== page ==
Cyrus Krohn was the Web magazine's first employee. In the wake of Slate's sale to WaPo, he hopes to create a thriving, ad-supported video model for MSN.
When MSN sold Slate.com to The Washington Post in December, the site's publisher and first employee opted not to make the trip from Washington State to D.C. Now, just weeks into a new gig at MSN Video, Cyrus Krohn is already juicing up the portal's streaming media business to make it more appealing to advertisers.
As executive producer for MSN Video, Krohn plans to boost content volume and make the destination a more attractive target for advertisers. That includes signing more talent and creating original video content for the Web.
"My personal goal with the group is to make MSN Video a desirable location for people to want to come first to watch video," he said. "That can be done through many means. It can mean surfacing new talent that network and cable TV can't offer in a way we're apt to do, [such as] vlogs and proprietary programming. I look at the staff Yahoo is building, with an entertainment background, and I think there's no reason MSN Video shouldn't be developing content made for the medium."
Though still in its infancy, online video is a big advertising market in the making, according to Krohn. "In the big scheme of things, it's small dollars," he said. "The fact that Pfizer and GM are coming to us and saying, 'Hey, give us more inventory,' it's impressive to me."
Despite his total departure from Slate's Webzine format in this new job, Krohn is actually returning to his roots. Before signing on with Slate, he produced shows for CNN's "Crossfire" and "Larry King Live." Like many, he believes the fragmentation of channels and the rise of streaming video online will be lethal to the mass-reach audiences still enjoyed by TV networks and cable stations.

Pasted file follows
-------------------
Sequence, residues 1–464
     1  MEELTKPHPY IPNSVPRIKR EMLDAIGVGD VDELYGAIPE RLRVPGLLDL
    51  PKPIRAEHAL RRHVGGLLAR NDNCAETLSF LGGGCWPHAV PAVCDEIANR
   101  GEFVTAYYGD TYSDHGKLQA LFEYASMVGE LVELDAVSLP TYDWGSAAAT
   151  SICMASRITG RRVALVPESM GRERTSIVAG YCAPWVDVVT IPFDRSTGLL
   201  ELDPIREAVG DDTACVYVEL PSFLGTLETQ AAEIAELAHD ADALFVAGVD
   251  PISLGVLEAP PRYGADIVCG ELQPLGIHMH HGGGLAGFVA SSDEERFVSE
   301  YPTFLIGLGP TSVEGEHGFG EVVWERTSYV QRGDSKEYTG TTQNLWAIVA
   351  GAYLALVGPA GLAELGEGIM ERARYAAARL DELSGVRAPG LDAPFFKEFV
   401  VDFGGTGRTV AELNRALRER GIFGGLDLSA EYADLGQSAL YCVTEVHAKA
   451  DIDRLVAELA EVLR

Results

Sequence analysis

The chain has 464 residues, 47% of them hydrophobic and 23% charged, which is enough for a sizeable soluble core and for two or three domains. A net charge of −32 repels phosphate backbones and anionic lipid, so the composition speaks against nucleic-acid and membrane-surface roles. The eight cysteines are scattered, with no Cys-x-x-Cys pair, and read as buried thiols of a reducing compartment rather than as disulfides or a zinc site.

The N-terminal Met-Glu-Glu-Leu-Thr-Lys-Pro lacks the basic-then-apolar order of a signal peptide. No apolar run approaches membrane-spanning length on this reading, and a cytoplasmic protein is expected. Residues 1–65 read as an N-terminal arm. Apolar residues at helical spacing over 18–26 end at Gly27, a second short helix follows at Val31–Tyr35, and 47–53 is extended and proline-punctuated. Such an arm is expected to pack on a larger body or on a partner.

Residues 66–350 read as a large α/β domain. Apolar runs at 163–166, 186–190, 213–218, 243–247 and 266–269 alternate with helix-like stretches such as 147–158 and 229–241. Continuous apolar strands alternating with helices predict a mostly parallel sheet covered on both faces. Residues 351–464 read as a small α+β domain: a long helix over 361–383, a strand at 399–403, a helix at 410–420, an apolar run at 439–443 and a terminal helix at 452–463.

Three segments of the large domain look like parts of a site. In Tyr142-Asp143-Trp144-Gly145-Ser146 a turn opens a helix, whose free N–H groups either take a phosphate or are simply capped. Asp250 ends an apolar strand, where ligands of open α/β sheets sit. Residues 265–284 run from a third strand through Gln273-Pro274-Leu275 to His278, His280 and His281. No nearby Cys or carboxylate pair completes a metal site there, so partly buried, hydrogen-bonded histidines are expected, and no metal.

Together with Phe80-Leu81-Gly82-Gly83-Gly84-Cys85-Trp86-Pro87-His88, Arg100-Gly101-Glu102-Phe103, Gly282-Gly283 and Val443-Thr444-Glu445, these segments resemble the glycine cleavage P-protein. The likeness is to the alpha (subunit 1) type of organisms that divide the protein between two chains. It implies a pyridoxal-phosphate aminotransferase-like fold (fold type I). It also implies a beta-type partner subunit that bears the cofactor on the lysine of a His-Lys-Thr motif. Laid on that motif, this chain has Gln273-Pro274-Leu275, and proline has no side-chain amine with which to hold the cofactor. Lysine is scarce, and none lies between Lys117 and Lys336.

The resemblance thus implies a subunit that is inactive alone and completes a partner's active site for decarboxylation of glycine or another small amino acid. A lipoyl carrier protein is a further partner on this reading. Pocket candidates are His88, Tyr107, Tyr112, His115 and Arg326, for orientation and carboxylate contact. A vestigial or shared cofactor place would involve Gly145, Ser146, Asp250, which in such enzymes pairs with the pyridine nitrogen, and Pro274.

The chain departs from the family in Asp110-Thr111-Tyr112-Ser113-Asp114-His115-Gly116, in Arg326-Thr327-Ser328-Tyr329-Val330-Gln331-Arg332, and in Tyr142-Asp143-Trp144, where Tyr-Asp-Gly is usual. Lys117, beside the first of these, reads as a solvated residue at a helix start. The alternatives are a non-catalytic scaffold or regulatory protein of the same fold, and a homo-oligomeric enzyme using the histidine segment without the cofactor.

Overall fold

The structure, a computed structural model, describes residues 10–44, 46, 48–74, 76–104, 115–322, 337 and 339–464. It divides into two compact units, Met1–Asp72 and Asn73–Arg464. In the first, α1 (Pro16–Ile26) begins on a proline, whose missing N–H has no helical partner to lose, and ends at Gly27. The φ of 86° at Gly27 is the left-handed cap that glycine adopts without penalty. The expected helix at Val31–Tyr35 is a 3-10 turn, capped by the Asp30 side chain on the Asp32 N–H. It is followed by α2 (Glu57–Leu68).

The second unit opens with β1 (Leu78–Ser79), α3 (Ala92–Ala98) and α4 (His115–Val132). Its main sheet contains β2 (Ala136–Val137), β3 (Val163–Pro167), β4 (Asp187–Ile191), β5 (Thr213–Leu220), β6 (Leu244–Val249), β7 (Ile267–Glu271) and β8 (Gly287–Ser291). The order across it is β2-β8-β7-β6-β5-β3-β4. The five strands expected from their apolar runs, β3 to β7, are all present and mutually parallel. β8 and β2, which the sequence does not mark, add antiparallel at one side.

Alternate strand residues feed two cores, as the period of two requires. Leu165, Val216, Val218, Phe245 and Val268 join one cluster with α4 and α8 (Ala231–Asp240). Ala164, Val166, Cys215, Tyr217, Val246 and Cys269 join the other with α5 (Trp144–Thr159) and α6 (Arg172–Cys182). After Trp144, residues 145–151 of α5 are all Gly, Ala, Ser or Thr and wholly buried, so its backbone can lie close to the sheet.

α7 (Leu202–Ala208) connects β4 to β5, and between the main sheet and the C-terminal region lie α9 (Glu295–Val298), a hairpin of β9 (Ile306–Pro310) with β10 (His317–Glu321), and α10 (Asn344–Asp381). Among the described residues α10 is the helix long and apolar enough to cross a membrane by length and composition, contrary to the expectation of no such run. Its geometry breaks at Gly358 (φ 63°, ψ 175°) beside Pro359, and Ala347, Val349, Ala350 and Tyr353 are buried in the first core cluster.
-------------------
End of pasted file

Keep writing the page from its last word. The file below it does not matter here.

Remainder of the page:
"We are at a point now where we are competing against cable networks for audience share," he said. "When I was at CNN, working for 'Larry King' or 'Crossfire,' to pull a 1.0 share was considered a pretty good rating. Now, that's [down to] 0.6 or 0.7. With the advent of more cable stations and the fragmentation of the market, they've lost a fairly good percentage of their audience. The Internet is only further contributing, because people are consuming their media midday. It's the new primetime... a period of the day they really couldn't have before."
Krohn's colleagues at MSN are bullish about what the TV and Web veteran will do for the portal's young video business.
"Cyrus is bringing probably the most intrinsic knowledge of how to launch a new business to us," said Todd Herman, MSN Video's streaming media evangelist. "He's bringing a background in interactive media, having launched the most famous online magazine ever."
Though he will be leveraging his experience in running an interactive media business, Krohn prefers to see himself as picking up a thread he dropped when he took the job with Slate.
"I was very excited early on about the future prospects of television, but frankly forgot about a lot of it while I was at Slate creating a Webzine," he said. "As the sale became apparent, I got excited about reintroducing myself to television in a new capacity."
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